I’ll admit it, I’m a bit of a nerd. I like technology and while I’m not the most technologically advanced person in my family (here’s looking at you o’ brother of mine…) I think I come in at a solid second place. Therefore, the choice of electronics on our boat is a key concern of mine. I want a system that will integrate seamlessly across the boat, beyond just your regular instruments, to include our laptops, media server, iPads and any other device we can think to add. I know that this is a tall order and there will be pluses and minuses to any system we choose, but some will be better than others at accomplishing this goal.
Fountaine Pajot installs Garmin electronics as standard on their boats. The vast majority of my experience on boats has been using Raymarine electronics, and since the display Helia actually had Raymarine installed, I asked our dealer if it was possible to elect for a different system than Garmin. He assured me that it was, and thus my research began.
Garmin earns good marks throughout the web for their ease of use. I have only limited experience using them, but the interface does appear pretty straightforward and user friendly. However… they come in dead last when it comes to integration with other systems. Fountaine Pajot uses the Garmin 5008 and 5012 chartplotters on the Helia, which do not offer wifi, nor do they offer any wired connectivity outside of the “Garmin Marine Network”. We stopped by the Garmin booth at the boat show, and were told that in order to transfer data (such as weather overlays, or routing information) from a computer, you had to use an SD card to save the data on the computer, and then manually transfer it over to the plotter. Not exactly what we’re looking for, and in this day and age of connectivity, it’s pretty shockingly behind the times.
As mentioned, the vast majority of both the Admiral and my’s experience with marine electronics has been on Raymarine equipment. That has created a familiarity which is a solid plus in Raymarine’s corner. The e Series HybridTouch Displays offers a good mix of basic touch features, as well as buttons that can be used to operate the system as well. While you won’t mistake it for an iPad anytime soon, it does seem to be moving in the right direction. They also have WiFi and Bluetooth connectivity, which can be used to connect to iPad’s and iPhones using Raymarine’s native apps or even the Navionics app. The WiFi means that we could connect our laptop into the system and use the Raymarine Voyage Planner software to create waypoints, routes and tracks on the laptop and then instantly send it to our multifunction display (MFD).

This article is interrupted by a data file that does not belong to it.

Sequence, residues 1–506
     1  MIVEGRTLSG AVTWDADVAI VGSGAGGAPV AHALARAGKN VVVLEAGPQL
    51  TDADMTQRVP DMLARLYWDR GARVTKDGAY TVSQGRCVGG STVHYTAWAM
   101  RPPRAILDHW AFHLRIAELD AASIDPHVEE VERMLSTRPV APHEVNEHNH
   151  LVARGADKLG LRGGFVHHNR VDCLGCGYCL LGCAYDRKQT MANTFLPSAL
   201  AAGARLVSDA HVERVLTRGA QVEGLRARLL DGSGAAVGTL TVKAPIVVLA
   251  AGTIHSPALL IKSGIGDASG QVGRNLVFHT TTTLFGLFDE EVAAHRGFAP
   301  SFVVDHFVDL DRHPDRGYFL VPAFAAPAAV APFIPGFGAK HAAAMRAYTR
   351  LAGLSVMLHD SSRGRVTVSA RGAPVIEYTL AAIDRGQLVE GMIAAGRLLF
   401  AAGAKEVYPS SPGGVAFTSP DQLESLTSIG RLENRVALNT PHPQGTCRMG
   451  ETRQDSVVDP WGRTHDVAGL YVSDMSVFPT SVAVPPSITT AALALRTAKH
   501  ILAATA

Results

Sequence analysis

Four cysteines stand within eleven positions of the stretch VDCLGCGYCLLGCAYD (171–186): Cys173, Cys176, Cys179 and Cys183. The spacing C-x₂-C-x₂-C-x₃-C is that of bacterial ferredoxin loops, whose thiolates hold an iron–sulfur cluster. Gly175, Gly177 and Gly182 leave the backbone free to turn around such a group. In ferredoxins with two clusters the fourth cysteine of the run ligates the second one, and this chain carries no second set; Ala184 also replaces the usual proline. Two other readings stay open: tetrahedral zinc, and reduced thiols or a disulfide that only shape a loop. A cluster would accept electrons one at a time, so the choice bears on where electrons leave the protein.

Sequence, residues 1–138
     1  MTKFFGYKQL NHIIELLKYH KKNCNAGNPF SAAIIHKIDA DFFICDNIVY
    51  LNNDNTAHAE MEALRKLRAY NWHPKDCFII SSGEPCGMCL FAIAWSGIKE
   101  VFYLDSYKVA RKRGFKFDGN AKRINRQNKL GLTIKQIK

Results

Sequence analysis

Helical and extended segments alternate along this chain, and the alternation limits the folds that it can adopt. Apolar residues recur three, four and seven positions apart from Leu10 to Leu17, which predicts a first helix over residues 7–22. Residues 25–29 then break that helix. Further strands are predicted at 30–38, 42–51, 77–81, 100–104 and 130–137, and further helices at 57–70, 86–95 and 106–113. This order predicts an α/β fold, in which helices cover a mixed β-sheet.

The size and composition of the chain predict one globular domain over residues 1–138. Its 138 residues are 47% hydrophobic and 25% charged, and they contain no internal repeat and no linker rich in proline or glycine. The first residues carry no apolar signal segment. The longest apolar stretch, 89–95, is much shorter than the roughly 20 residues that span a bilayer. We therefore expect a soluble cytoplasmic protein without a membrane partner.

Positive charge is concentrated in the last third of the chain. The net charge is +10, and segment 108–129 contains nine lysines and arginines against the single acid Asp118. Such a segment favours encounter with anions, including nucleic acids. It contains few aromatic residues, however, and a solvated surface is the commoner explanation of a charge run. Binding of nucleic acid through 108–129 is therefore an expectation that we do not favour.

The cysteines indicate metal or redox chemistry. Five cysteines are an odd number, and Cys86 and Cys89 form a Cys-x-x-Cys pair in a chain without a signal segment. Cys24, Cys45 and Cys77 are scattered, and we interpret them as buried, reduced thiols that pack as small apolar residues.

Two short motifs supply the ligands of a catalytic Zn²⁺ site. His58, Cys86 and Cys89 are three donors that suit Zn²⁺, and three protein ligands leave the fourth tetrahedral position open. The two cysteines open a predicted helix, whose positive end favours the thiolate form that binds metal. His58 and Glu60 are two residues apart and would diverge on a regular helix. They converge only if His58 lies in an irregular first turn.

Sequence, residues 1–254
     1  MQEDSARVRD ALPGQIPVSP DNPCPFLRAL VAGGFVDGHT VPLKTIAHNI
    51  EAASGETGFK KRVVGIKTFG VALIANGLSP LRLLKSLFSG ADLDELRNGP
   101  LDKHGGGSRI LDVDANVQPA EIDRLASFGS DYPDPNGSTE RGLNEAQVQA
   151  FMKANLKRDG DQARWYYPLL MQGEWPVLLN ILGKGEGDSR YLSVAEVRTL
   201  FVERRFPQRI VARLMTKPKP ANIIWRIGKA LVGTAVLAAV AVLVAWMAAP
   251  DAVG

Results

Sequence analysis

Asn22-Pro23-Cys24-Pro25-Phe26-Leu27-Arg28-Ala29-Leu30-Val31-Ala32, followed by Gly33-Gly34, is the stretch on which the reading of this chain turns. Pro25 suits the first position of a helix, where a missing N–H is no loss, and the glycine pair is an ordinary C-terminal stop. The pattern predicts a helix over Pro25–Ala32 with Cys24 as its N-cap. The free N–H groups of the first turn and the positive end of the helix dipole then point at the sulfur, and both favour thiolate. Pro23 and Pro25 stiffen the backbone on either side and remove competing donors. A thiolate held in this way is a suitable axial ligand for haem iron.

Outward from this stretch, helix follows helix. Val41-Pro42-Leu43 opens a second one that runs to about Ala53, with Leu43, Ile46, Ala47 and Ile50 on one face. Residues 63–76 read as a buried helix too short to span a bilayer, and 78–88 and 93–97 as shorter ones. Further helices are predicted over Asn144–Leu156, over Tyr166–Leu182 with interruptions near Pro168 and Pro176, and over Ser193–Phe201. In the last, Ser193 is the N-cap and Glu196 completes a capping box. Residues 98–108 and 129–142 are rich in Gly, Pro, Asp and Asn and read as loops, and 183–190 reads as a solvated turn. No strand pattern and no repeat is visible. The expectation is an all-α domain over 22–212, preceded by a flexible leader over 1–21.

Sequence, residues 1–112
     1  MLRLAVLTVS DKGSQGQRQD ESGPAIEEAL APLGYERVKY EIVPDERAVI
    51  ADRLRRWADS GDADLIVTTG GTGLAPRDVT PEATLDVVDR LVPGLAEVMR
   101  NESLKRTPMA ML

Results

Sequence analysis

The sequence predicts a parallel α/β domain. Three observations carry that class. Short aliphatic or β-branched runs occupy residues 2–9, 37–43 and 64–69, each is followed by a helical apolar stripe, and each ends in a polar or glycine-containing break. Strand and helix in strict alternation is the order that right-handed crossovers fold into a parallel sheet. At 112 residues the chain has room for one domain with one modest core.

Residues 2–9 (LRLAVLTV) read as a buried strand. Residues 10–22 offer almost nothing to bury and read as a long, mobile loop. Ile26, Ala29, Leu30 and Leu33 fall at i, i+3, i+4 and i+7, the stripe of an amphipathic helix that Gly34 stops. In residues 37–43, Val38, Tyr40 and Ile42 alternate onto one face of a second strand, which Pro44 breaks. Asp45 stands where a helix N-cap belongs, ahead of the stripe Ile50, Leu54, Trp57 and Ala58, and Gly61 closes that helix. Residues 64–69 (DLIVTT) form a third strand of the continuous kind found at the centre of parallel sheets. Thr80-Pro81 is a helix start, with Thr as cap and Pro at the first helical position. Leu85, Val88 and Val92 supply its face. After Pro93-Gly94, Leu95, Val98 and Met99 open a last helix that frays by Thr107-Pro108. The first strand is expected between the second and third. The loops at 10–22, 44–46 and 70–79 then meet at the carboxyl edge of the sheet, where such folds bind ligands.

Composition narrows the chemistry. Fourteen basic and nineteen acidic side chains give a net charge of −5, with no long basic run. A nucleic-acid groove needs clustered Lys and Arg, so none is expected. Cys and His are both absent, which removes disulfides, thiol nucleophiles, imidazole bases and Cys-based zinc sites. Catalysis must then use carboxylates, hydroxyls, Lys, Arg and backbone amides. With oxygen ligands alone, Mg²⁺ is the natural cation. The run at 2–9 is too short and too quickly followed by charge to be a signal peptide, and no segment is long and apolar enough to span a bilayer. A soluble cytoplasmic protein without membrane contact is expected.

This is definitely more along the lines of what I’m looking for, but I have two reservations: 1) WiFi is great, but would seem more likely to fail at a critical moment than a wired connection to the computer and 2) the Voyage Planner software appears pretty basic, and doesn’t have some of the advanced features available with other software packages.
I was first turned on to Furuno when I read the great blog of s/v Field Trip and when the Admiral and I got the chance to randomly run into Mark and Sarah in St. Barts while we were on a charter, we got to see first hand how Mark had managed to integrate all electronics on his boat. The new TZ Touch line of MFDs looks really nice, but also really pricey. The NavNet 3D line of MFDs is what I have focused on as they have NMEA 0183 and 2000 capability, as well as Ethernet connectivity. In truth, I like the Ethernet connectivity a bit better than WiFi as I believe it would offer a more consistent connection and be less likely to fail. However, what really seems to set the Furuno system apart is it’s MaxSea software.
Using the optional Routing Module, I could plug in weather forecast and current data and the software will calculate the optimal sailing route based on the polars of our boat. How cool is that!? Now, I certainly recognize that conditions actually out on the water may not play out exactly as forecasted, and its probable we won’t end up sailing the exact route calculated, but these are the sort of technological features that get me excited.
I’m pretty set on swapping out the stock electronics for either a Furuno or Raymarine set up, and have to admit that I’m leaning towards Furuno. However, I’m still working with my dealer to get accurate engineering drawings of the helm and interior nav station to make sure everything will fit. In addition to the basic plotter and instruments, we’ve got other equipment to find a place for, such as our VHF, AIS, SSB, Sat Phone, Inverter Controls etc. And let’s be honest, cost plays a definite factor as well. A Furuno system wouldn’t be cheap, but right now, I think the additional features would be worth the cost.